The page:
Published 1/1/2007
Dwight W. Burney III, MD

BOC takes active role in ensuring unity

Orthopaedic surgery is so broad and deep a specialty that fragmentation is a real hazard—generalist vs. specialist, academic vs. private practitioner, subspecialist vs. subspecialist. This can create problems, particularly when a united front is needed to respond to issues such as tort reform, Medicare payment schedules, or emergency care/on-call responsibilities. As David Lovett, the director of the AAOS Washington, D.C., office once said, “Physicians tend to circle the wagons—and then shoot inward!”

The decline of the American Medical Association shows what can happen when a powerful organization fails to stay unified. The AAOS is strongly committed to maintaining and enhancing unity among orthopaedic subspecialties, state and regional orthopaedic societies, and in fact all orthopaedic surgeons.

Common interests, shared goals

Unity is not a “top down” quality—it cannot be legislated or mandated. Real unity comes from recognition of common interests and shared goals, which in turn arise from a commitment to communication among the interested parties.

The AAOS Board of Councilors (BOC) was originally established to facilitate communication between the fellowship and the (largely academic) leadership of the Academy. At the time, private practice and academic practice were different worlds with little understanding of each other’s challenges. The BOC provided a forum where representatives from both worlds could meet and discuss problems, challenges, and potential solutions. Along the way, the BOC planted the seeds of political advocacy, from which grew the Orthopaedic Political Action Committee, the National Orthopaedic Leadership Conference, and the American Association of Orthopaedic Surgeons.

The fellows who serve on the BOC represent their respective home states, the Uniformed Military Services, Canada, and Puerto Rico. Councilors have typically been leaders in their respective constituent societies, and many have been “tested by fire” in dealing with significant issues in their home states. The following examples are just a few of the most recent “battlefields”:

  • medical liability reform in California, Nevada and Texas
  • physician owned physical therapy services (POPTS) in South Carolina
  • treatment guidelines for Workers Compensation patients in California
  • compulsory emergency room call service in California.

The BOC’s demographics parallel those of the entire Academy. About 70 percent of Councilors identify themselves as subspecialists or general orthopaedists with significant subspecialty interest. Councilors come from multiple practice settings including multispecialty groups, academic practices, health maintenance organizations, and traditional “private practices.” Most, if not all, of the orthopaedic subspecialty societies are represented on the BOC.

Giving voice to the fellowship

The Board of Councilors facilitates communication (and, by extension, unity) within the Academy in many ways. The Resolutions process, anchored by the BOC resolutions committee, allows any group of 20 fellows to bring forth resolutions and advisory opinions, thus alerting AAOS leaders and the fellowship to vital issues.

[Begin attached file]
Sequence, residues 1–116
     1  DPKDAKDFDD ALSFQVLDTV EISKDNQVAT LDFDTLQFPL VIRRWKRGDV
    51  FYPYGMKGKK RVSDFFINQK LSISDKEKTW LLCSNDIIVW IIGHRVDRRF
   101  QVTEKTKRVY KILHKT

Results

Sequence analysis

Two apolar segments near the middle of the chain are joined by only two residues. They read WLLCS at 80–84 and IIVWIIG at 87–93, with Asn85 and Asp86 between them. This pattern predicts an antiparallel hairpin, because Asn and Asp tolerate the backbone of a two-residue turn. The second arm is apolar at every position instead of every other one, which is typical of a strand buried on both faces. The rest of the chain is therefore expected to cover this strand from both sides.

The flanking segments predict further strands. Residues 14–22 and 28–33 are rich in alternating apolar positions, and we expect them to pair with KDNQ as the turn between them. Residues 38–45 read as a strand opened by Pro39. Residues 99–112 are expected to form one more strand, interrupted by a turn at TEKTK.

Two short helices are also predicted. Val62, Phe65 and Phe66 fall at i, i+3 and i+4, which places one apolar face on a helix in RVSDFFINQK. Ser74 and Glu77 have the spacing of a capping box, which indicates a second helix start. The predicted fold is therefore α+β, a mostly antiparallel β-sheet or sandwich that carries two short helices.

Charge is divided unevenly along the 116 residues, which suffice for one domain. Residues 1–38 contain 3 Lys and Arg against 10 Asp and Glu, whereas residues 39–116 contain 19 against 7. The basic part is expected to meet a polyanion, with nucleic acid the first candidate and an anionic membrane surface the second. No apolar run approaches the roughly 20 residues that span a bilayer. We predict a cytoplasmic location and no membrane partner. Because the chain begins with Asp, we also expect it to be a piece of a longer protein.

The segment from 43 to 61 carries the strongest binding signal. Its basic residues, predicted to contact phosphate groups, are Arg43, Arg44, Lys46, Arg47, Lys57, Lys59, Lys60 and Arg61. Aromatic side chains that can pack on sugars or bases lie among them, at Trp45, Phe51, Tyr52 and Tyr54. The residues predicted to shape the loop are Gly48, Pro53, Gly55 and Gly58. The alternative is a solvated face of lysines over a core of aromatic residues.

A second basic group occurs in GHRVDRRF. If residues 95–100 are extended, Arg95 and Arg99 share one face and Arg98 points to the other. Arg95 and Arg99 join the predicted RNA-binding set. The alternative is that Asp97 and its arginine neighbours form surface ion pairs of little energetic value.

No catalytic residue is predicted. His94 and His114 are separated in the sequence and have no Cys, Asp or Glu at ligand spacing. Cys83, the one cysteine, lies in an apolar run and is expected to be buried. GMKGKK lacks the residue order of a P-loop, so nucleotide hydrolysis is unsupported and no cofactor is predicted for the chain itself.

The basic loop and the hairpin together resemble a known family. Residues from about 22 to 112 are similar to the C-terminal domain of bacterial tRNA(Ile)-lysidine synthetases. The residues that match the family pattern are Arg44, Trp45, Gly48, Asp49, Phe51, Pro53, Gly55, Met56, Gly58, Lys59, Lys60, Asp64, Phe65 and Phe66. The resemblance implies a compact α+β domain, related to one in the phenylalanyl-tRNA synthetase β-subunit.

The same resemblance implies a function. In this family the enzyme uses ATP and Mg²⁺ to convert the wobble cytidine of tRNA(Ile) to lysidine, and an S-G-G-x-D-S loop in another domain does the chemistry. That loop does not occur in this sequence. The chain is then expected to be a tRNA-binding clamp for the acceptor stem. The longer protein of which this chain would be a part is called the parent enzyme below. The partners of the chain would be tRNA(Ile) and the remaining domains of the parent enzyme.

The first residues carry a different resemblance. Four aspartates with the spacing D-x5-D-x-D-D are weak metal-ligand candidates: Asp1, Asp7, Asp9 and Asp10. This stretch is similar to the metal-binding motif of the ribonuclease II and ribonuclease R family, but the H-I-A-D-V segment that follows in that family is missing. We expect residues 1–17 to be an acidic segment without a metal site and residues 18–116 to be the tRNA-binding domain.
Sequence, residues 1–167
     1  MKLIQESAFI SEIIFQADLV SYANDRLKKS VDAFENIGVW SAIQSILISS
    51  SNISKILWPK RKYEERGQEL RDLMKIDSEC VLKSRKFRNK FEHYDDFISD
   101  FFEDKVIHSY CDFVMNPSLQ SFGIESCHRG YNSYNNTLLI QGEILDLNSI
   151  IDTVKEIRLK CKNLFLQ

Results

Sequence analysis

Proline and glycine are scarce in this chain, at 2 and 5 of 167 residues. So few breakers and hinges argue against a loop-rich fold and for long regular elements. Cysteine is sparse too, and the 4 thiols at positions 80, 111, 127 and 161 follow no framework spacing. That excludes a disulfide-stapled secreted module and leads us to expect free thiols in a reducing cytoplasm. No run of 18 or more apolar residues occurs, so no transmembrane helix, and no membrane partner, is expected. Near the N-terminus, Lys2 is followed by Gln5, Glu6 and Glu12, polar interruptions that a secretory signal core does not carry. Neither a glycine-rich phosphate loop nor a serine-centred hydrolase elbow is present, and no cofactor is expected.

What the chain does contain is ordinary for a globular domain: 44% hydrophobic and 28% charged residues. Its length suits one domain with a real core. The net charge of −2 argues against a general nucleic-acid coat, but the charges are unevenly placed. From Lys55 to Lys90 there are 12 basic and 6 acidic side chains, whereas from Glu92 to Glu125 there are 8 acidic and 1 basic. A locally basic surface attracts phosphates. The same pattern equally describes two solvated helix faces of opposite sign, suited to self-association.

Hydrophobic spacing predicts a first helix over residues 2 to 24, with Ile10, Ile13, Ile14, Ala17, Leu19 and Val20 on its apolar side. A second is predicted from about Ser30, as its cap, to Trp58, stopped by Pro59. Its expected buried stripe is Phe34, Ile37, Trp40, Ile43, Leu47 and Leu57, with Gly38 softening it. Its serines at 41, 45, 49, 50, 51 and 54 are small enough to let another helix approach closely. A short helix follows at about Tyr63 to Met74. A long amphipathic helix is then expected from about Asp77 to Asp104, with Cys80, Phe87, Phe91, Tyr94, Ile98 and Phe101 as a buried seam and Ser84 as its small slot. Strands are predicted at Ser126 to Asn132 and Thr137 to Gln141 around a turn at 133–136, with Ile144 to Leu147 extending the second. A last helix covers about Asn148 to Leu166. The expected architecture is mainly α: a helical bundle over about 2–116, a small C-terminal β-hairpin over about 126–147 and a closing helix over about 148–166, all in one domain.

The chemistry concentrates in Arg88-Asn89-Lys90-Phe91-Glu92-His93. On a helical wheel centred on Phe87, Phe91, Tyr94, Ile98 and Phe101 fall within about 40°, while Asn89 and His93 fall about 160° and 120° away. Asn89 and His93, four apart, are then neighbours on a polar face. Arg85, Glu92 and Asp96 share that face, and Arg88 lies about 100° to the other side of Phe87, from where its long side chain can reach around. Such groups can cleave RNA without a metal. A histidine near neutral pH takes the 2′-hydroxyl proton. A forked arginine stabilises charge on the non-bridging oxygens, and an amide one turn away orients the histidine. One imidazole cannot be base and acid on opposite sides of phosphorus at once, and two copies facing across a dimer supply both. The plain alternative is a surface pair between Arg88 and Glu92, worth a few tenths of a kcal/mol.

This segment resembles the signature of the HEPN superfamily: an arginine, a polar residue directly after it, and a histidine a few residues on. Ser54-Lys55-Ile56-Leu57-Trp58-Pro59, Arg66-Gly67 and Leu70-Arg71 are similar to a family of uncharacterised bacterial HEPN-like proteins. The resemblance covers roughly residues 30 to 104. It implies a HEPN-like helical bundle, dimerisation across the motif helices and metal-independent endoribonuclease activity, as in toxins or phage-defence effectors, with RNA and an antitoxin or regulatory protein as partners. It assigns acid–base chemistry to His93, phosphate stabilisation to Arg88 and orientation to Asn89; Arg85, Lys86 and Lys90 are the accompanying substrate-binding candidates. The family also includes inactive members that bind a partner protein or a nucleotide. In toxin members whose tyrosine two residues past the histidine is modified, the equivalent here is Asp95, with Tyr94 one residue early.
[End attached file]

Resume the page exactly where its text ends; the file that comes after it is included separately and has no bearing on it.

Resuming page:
The BOC bylaws committee serves an important advisory function to the Academy’s Bylaws Committee, distilling multiple opinions and viewpoints into a “sense of the fellowship.”

The Professional Compliance Program began with a BOC resolution; the BOC’s professionalism committee continues to act as an advisory body to the AAOS Committee on Professionalism and is actively involved in the development of new Standards of Professionalism.

The BOC’s state orthopaedic societies and state legislative and regulatory issues committees serve as important liaisons to the state societies. The grants they award are used to improve state society infrastructure, as well as to fight important legislative battles on “bellwether” issues such as POPTS.

The Board of Specialty Societies (BOS) has developed a parallel committee structure and is now actively involved in resolutions, bylaws, and professionalism activities. During the 2006 fall meeting, the first joint meetings of these BOC and BOS committees were held, with positive results. The BOC’s famous “open mike” sessions have become even more valuable (and spirited) with the participation and voices of BOS members. Personally, I am pleased that the BOS has recognized the value of our work by emulating our committee structure.

The “conscience” of the Academy

The Board of Councilors was established to overcome a lack of communication among AAOS leadership and its fellowship. The issues we deal with today are, in many cases, the same issues we dealt with 30 years ago. The difference today is an increasing awareness that we are more effective when we are united. We can (and do) continue to have significant differences of opinion, practice setting, specialty, and political beliefs. However, we are all orthopaedic surgeons: “We” are “Them”; “They” are “Us.”

Challenges and opportunities for orthopaedic unity will continue. Among them are closer integration with the state and regional orthopaedic societies and tighter integration with our osteopathic orthopaedic colleagues.

I firmly believe that the momentum we have gained will continue to build, and the house of orthopaedics will not fall victim to the “AMA Syndrome.” As the “conscience” of the Academy, members of the Board of Councilors relish our role and anticipate many more years of service to our peers, the fellows and members of the AAOS.

Dwight W. Burney III, MD, is chair of the Board of Councilors. He can be reached at burneydw@nmortho.net